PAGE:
January 21, 2014 | 2
The first worldwide analysis of the extinction threat of all sharks and related species has just been published, and the news is sobering. Of the 1,041 known species of chondrichthyan (cartilaginous) fishes—sharks, rays and deep-sea chimaera (aka ghost sharks)—more than 30 percent are endangered, threatened, vulnerable to extinction or near threatened. Another 46 percent lack the necessary data to fully assess their extinction threat. Less than a quarter of shark and ray species are considered to be safe. This makes chondrichthyans arguably the most at-risk class of major vertebrates on the planet.
Numerous earlier studies have attempted to illustrate the threats that sharks and rays face in certain regions of the world, but they failed to show the true global state of these species, according to Nick Dulvy, co-chair of the SSG and Canada Research Chair at Simon Fraser University in British Columbia. “Until now, nobody has done a systematic unbiased study of all the habitats and all the species in the lineage,” he says. The SSG was able to, as Dulvy puts it, “stitch together all of these jigsaw pieces to see what the big picture is across the world’s oceans.”
The report identifies several of the most worrying trends. Sharks and rays in the Mediterranean Sea and the Coral Triangle (the waters between Indonesia, the Philippines and the Solomon Islands) face the greatest levels of population depletion. The large, shallow-water species—especially those that live part or full time in freshwater, such as the endangered Mekong freshwater stingray (Dasyatis laosensis)—are generally at the greatest risk. And rays, which have typically not received the same amount of attention as sharks, are in bad shape: The SSG found that five out of the seven most threatened families of chondrichthyans are rays. “Rays and the sharklike rays have been entirely overlooked by fisheries management agencies and the media for the last four decades,” Dulvy says. These include sawfish, wedgefishes, guitarfishes, sleeper rays and stingrays. “These are all incredibly charismatic animals in their own way,” he says. “Sleeper rays, for example, produce electricity and stun their prey. They can give you a 220-volt shock. You don’t want to mess with those.”
Overfishing has put many of these sharks and rays at risk, either by targeting the fish directly for their fins, meat or gills or killing them as incidental bycatch. Dulvy points at the now critically endangered common angel shark (Squatina squatina) as one species hit hard by trawling, which not only damages the seabed but also relies on the use of nets that the big, slow-moving fish can’t avoid. “This species was once prevalent from Norway through north Africa and the Mediterranean,” he says. “Today we think it is almost gone, apart from a remnant population in the Canary Islands.”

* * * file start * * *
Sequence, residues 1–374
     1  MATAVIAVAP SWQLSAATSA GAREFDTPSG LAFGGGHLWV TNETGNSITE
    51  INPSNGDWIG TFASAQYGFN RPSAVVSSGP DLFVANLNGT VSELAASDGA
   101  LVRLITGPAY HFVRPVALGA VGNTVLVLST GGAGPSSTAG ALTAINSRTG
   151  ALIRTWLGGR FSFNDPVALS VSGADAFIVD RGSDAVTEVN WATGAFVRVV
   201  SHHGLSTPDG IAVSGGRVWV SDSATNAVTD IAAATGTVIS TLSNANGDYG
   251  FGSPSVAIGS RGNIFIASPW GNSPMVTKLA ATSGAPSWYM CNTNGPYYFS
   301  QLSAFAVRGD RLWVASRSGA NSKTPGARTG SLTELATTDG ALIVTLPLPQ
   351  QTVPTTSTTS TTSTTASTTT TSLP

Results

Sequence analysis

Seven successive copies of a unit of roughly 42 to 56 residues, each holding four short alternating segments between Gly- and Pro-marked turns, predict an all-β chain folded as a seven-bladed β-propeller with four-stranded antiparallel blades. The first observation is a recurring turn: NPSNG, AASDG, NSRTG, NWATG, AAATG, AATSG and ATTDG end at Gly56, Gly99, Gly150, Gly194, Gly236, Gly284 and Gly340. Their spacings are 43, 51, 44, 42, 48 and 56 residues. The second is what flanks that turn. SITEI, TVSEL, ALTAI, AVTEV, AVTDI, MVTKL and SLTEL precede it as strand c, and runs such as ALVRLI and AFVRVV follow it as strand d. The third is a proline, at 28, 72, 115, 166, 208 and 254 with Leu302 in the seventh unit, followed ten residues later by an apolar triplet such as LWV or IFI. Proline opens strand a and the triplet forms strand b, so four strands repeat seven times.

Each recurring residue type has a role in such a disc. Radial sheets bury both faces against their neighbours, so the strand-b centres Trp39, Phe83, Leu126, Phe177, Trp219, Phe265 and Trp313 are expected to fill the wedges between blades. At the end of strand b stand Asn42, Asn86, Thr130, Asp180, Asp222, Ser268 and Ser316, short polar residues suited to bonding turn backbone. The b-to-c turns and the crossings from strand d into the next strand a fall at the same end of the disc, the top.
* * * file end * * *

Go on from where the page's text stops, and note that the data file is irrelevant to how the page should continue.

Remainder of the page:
Coastal and freshwater development has also put many species at risk. “It turns out there are about 90 species of shark and ray that spend part or all of their life in freshwater, and they’re suffering from coastal land reclamation and development,” Dulvy says. “This is particularly problematic in the megadelta cities of the world and the huge rivers of the Mekong and the Amazon.”
So what comes next? The study calls for a lot more work on the part of fisheries and world governments to protect sharks and rays. “Despite more than two decades of rising awareness of chondrichthyan population declines and collapses, there is still no global mechanism to ensure financing, implementation and enforcement of chondrichthyan fishery management plans that is likely to rebuild populations to levels where they would no longer be threatened,” Dulvy and his co-authors wrote.
The SSG also has a lot of work to do now to assess the extinction threat of all 1,000-plus species (in addition to the new ones being discovered at a rate of about one every two to three weeks) as well as studying to find out if current management practices are doing any good. It won’t be a quick or easy task. “In England we’d say it’s like painting the Forth Road Bridge, which is one of the biggest bridges in Scotland,” Dulvy says. “Once you finish it you’ve got to start again. That might sound tedious but now we’re in a position to start assessing species, and that job has started already. We’re reassessing the European sharks now.”
Meanwhile, the information learned in this global study can help to fill in some of the blanks on the “data deficient” species. “What we’ve learned is that species that are a meter long and found in shelf waters have a 50 percent chance of being threatened,” Dulvy says. “So you can apply that knowledge statistically to the data-deficient species and come up with a probability that those data-deficient species are threatened.”
On top of that, the 300 experts who worked on the study have all gone back to their home countries with the news that sharks and rays are at risk—the stories they shared at SSG meetings. Dulvy says this is where change will begin: “It’s those words and those stories embodied by the assessors that actually make the action happen at the national and international level.” For sharks and rays and related species, that change may be arriving just in time.
Photo 1: A critically endangered northern river shark (Glyphis garricki), by Grant Johnson. Photo 2: A critically endangered common angel shark (Squatina squatina), by Tony Gilbert. Photo 3: Devil ray (of the genus Mobula) having its gill rakers removed at a fishing port in Sri Lanka, by Sonja Fordham. All photos courtesy of IUCN
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